Options for ending a union: Divorce, separation and annulment

In California, couples looking to end their union have options: annulment, divorce or legal separation. Each choice involves unique considerations, especially regarding asset division, child custody, spousal support and other marital issues. As such, it might be beneficial for couples not to rush into selecting a method. It’s essential to understand the specifics of each option, as this knowledge can guide them to the most suitable path for their situation.

Divorce or dissolution

Dissolution, or divorce, officially ends a marriage or domestic partnership and resolves critical marital issues. If both parties agree on these matters, a judge’s decision isn’t necessary, but the agreement still needs court approval. The court usually approves the agreement if it’s in the children’s best interests and is fair to both parties. If an agreement isn’t possible, a judge will decide on these disputes.

Legal separation

Legal separation doesn’t terminate a marriage or domestic partnership and doesn’t have a residency requirement. However, it resolves issues similar to divorce, such as division of property, child custody and financial support . Despite the similarity, it’s important to remember that legal separation keeps the marriage legal. If either party later wants a divorce, or both parties agree to it, they’ll need to start a new family law case, as legal separation doesn’t automatically transition into a divorce.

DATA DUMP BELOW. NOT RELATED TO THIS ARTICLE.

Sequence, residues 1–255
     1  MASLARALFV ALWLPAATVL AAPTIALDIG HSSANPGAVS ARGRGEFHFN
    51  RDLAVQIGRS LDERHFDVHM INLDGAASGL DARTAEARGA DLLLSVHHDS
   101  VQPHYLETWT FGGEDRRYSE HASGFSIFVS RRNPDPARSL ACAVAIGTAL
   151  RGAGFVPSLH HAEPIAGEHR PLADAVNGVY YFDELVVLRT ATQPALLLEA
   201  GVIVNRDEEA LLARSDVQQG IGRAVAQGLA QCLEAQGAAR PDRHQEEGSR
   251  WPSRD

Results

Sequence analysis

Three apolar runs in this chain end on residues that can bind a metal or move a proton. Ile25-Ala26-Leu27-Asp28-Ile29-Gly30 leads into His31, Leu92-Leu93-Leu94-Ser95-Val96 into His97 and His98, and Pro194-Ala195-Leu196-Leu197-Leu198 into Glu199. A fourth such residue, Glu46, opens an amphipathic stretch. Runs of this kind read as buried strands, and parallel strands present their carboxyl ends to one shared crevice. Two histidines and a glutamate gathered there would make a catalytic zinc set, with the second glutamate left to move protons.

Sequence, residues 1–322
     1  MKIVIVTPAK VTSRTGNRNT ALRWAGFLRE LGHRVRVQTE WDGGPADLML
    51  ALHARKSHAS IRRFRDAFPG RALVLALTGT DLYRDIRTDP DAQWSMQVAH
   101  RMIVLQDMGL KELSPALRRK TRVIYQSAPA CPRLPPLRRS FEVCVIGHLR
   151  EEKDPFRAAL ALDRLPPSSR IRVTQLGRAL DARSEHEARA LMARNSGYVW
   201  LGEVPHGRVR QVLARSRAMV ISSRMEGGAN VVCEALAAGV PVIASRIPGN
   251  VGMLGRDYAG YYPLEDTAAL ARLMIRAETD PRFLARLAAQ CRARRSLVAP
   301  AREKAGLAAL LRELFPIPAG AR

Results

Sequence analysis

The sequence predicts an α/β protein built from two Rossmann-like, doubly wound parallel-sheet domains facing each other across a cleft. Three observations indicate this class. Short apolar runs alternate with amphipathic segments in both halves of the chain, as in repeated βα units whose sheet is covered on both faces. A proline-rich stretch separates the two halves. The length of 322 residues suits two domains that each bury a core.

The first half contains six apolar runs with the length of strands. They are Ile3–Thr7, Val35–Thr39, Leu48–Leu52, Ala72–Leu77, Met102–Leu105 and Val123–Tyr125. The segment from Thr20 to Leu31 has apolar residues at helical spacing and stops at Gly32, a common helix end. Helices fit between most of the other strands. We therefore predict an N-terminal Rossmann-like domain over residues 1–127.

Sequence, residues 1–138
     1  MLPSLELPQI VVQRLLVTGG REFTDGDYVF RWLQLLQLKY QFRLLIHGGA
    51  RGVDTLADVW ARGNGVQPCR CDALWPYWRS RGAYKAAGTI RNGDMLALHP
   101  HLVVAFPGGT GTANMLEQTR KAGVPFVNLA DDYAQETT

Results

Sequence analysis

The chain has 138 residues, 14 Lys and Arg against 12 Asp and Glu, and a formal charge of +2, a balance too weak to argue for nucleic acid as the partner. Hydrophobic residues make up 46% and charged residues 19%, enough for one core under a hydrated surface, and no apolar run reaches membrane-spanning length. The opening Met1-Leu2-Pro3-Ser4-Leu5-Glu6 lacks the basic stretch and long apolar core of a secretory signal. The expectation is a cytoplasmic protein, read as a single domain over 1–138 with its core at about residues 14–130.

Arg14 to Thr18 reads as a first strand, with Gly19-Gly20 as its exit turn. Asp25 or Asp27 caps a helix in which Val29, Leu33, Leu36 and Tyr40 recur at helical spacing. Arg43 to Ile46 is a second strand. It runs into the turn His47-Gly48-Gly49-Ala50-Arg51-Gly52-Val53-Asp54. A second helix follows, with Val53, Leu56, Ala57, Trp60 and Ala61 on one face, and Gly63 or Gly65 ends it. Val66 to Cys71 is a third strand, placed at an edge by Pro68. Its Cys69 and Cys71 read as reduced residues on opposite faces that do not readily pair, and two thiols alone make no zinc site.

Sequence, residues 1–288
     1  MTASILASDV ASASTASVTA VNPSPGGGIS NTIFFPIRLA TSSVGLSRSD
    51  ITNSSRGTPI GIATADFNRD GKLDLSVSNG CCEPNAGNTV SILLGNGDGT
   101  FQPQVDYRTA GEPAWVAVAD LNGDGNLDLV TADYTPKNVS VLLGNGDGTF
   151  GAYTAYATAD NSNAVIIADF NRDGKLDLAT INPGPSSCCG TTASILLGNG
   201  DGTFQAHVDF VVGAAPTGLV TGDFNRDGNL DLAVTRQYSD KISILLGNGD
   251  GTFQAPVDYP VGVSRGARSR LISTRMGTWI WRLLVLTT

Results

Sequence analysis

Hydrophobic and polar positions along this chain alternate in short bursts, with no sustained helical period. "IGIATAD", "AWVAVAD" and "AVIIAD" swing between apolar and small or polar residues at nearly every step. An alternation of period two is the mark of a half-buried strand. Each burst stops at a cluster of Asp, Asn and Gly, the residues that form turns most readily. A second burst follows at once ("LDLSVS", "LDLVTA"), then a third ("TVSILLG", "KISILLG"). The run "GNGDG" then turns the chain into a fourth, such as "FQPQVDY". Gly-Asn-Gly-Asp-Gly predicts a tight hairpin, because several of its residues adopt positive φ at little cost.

Annulment or nullity

Annulment, or nullity, invalidates a marriage or domestic partnership that began under false pretenses. If a judge grants an annulment, it’s as if the marriage never existed. However, a valid legal reason for the marriage’s initial invalidity is necessary. Without that, the court won’t grant an annulment. Moreover, it’s important to note that in annulment cases, the court handles matters of property division or spousal support differently than divorce or legal separation cases.

Each option carries different implications, and no two couples’ situations are identical—variables such as finances, the number of children and living conditions may come into play. So, couples must consider these elements first. After doing so, they then can conclude what best aligns with their individual needs and circumstances.

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